EASTERN MASSASAUGA RATTLESNAKES: Live and Let Live

WILDER SIDE OF OAKLAND COUNTY

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August is the birthing season for the reclusive ‘swamp rattlers’ of Oakland County. Like all rattlesnakes, the eastern massasauga rattlesnakes (Sistrurus catenatus catenatus) bear live young. The United States Fish and Wildlife Service states, “The young actually hatch from eggs while still in the female’s body. Depending on the health of the individual, adult females may bear young every year or every other year.” According to the Michigan Department of Natural Resources, our state’s only venomous snake gives birth to eight to twenty young. The little rattlers disperse shortly after birth and strike out on their own in our county of swamps and uplands using their heat-sensitive pits on the sides of their head to detect prey.

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The massasauga is a docile, seldom seen and rather secretive snake that will try to escape rather than strike. Almost all bites – and bites on humans are rare and provoked – occur when a bold, intoxicated or foolish human tries to capture or kill the snake. Massasaugas are very much at home in many of the Huron-Clinton Metroparks, Oakland County Parks, at Seven Lakes State Park in Holly Township, in all of our local state recreation areas and in any suitable neighborhood habitat in Oakland County, and adjacent counties. There is even a small road in Brandon Township with the name, Rattlesnake Lane. Massasaugas know no borders; it’s all about habitat and the complex matrix of wetlands and dry uplands created by retreating glaciers. This landscape variety sets the stage for the eastern massasauga rattlesnakes of today to thrive in our county of great oaks, swamps, wetlands and marshes.

The U.S. Fish and Wildlife Service is evaluating the Great Lakes population of massasaugas to see if it should be listed as a threatened species. While it is currently a candidate for federal listing, Michigan lists it as a species of Special Concern and it is protected by Michigan State law. Many people misidentify rattlesnakes and often confuse them with northern water snakes, milk snakes, fox snakes and the rarely seen eastern hognose snakes. This 60 second video from the wildlife division of the Michigan Department of Natural Resources helps identify the massasauga. If you see a massasauga rattler in one of our Oakland County Parks, leave it be and try to capture a photo (without getting too close) that includes a bit of the habitat and let us know.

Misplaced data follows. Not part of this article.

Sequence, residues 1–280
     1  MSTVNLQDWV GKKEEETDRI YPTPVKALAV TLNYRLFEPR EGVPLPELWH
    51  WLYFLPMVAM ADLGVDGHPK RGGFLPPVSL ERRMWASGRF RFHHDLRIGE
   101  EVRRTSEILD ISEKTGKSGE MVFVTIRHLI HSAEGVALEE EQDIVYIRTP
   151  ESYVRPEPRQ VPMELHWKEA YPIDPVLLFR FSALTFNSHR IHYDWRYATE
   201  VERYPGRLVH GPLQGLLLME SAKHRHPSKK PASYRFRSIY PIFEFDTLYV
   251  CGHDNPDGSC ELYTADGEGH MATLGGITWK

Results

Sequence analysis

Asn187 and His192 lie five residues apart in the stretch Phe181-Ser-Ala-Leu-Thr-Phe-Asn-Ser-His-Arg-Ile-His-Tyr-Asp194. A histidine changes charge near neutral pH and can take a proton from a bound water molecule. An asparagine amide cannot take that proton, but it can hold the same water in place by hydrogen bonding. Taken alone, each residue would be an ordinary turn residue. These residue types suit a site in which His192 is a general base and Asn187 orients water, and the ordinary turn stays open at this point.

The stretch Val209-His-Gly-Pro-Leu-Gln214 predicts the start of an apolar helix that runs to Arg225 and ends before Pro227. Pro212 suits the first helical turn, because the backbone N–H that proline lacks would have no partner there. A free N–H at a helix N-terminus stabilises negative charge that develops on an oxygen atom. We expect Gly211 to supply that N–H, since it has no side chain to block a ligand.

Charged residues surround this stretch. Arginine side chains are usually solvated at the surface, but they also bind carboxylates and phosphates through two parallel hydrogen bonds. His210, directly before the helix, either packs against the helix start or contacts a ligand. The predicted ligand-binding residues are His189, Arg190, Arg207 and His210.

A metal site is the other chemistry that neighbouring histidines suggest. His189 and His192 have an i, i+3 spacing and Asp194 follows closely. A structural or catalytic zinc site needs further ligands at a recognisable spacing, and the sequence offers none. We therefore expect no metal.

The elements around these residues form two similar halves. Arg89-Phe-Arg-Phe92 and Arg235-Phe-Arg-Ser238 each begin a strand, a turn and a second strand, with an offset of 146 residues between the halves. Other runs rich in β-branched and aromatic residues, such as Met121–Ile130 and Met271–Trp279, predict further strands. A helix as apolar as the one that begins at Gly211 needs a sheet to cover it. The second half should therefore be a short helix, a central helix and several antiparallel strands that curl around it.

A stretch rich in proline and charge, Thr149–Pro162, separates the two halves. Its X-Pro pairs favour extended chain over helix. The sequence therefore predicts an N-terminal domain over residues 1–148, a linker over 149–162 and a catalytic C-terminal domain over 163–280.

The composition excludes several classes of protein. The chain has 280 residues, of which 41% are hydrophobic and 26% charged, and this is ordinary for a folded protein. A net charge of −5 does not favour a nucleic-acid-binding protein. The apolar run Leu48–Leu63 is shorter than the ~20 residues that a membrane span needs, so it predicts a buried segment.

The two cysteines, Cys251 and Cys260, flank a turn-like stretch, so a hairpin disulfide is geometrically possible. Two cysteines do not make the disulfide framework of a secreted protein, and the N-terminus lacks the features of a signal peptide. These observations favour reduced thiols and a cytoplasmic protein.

On cool days, massasaugas may sun on warm surfaces, including trails, as the adult rattler in the accompanying photos did on a hike-bike trail at Indian Springs Metropark. Once autumn weather grips the landscape and the days shorten, massasaugas stop hunting their primary prey of mice and voles and the occasional frog and head for the wetlands and moist meadows. It is there that they seek out the building skills of a keystone species, the chimney crayfish. The rattler slithers down the moist burrows of the crayfish and spend almost six months in hibernation often partially submerged in water below the frost line on the wilder side of Oakland County.

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Text and photos by Jonathan Schechter, Nature Education Writer for Oakland County Parks. schechterj@oakgov.com

Video courtesy of the Michigan Department of Natural Resources.

Visit DestinationOakland.com for information on all 13 Oakland County Parks.

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